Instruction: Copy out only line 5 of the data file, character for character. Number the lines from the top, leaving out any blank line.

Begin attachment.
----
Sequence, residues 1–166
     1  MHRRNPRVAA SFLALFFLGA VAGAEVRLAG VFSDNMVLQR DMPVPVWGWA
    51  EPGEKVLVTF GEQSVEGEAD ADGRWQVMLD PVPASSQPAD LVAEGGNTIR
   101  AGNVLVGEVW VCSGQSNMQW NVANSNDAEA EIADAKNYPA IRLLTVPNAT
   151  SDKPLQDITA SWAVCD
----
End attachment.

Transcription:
   151  SDKPLQDITA SWAVCD